City trench that bars way to refugees and killers
Ramita Navai in Irbil
March 31 2007
Cars clog the narrow, pitted road that leads into Irbil, the capital of the Kurdish region of Iraq, connecting the city with the rest of the country. Nervous and exhausted passengers clutch their identification papers as they inch towards the Kirkuk checkpoint. One by one, the vehicles are searched and male travellers are patted down.
“Every day about 2,000 to 3,000 people are trying to get into Irbil. About 80 per cent of them are displaced people,” said Ahmed Khalil, in charge of the city’s two checkpoints.
Thousands of Iraqis are fleeing the incipient civil war and heading for sanctuary in the Kurdish part of northern Iraq. The Iraqi Red Crescent Society estimates that about 160,000 Iraqis have moved there.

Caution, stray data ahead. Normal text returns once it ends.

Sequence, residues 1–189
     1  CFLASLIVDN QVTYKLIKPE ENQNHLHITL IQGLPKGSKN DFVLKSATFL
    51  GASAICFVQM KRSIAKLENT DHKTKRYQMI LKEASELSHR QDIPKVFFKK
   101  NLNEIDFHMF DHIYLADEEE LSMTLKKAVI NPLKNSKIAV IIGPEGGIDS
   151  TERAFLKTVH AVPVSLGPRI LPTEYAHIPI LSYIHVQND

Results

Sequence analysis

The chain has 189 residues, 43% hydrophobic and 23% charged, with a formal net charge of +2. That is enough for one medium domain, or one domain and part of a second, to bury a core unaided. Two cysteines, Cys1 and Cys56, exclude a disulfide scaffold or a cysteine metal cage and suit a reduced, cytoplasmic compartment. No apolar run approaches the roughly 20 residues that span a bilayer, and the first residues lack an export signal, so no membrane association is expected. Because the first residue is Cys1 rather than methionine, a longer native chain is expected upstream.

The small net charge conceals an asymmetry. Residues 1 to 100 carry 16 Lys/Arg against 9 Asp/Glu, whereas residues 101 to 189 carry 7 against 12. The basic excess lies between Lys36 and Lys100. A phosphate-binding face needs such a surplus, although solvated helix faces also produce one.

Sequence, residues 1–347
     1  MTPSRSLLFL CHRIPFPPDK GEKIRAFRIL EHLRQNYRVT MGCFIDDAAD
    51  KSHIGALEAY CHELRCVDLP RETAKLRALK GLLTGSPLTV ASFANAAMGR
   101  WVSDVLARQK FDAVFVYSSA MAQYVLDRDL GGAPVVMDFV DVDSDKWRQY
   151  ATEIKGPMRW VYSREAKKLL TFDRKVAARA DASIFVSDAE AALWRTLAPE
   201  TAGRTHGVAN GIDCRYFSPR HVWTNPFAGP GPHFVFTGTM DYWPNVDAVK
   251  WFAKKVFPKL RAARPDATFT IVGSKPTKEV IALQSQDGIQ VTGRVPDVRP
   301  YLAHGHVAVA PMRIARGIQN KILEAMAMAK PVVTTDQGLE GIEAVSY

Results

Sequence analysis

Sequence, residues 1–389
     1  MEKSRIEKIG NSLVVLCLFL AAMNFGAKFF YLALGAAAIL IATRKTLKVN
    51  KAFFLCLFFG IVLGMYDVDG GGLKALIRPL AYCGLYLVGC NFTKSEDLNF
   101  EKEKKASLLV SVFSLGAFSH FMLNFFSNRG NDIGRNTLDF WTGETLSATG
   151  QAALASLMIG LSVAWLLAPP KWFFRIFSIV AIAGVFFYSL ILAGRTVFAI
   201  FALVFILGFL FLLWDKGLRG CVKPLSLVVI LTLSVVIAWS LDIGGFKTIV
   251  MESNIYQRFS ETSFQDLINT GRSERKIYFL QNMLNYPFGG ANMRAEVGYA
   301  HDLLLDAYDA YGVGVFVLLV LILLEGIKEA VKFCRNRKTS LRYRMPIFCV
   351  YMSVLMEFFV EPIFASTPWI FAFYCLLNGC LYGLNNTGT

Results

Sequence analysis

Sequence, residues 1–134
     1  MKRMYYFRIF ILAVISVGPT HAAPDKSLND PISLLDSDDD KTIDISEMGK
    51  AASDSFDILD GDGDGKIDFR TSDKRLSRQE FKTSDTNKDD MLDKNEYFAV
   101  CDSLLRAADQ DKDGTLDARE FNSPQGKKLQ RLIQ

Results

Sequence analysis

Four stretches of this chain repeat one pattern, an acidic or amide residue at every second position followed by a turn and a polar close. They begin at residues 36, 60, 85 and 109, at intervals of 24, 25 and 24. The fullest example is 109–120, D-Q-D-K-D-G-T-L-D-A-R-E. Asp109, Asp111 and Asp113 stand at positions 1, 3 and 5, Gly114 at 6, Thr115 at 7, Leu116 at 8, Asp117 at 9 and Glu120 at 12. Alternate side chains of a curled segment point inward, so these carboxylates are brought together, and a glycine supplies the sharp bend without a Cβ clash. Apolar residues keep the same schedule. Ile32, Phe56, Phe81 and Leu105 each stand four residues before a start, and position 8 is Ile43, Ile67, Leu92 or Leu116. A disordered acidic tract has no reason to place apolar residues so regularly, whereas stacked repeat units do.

Once through the security checkpoints, Iraqis must provide the name of a Kurdish guarantor. Without it, they will be turned away. And it is much harder for Arab Muslims to be allowed in than for Christians or Kurds. Mr Khalil said that 60 people a day are turned away for having no guarantor.
“The fighting and bloodshed is practically on our doorstep,” said an official who did not want to be named. “Mosul and Kirkuk are less than an hour away. The terrorists are Arabs. It’s no wonder the Kurds don’t want any more Arabs in.”